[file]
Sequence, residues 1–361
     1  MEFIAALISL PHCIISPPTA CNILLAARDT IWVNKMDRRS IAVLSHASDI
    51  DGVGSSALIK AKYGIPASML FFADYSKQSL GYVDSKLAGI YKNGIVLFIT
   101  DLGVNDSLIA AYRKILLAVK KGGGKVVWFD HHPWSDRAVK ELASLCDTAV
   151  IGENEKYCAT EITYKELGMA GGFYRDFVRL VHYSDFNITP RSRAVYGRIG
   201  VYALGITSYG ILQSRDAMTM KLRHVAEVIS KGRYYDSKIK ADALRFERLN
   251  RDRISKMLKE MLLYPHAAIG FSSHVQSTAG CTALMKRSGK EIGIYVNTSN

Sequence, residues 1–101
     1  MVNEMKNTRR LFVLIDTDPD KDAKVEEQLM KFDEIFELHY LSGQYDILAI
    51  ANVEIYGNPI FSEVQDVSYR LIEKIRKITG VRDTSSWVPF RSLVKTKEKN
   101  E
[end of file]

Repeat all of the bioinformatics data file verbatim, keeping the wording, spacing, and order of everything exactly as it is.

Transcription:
Sequence, residues 1–361
     1  MEFIAALISL PHCIISPPTA CNILLAARDT IWVNKMDRRS IAVLSHASDI
    51  DGVGSSALIK AKYGIPASML FFADYSKQSL GYVDSKLAGI YKNGIVLFIT
   101  DLGVNDSLIA AYRKILLAVK KGGGKVVWFD HHPWSDRAVK ELASLCDTAV
   151  IGENEKYCAT EITYKELGMA GGFYRDFVRL VHYSDFNITP RSRAVYGRIG
   201  VYALGITSYG ILQSRDAMTM KLRHVAEVIS KGRYYDSKIK ADALRFERLN
   251  RDRISKMLKE MLLYPHAAIG FSSHVQSTAG CTALMKRSGK EIGIYVNTSN

Sequence, residues 1–101
     1  MVNEMKNTRR LFVLIDTDPD KDAKVEEQLM KFDEIFELHY LSGQYDILAI
    51  ANVEIYGNPI FSEVQDVSYR LIEKIRKITG VRDTSSWVPF RSLVKTKEKN
   101  E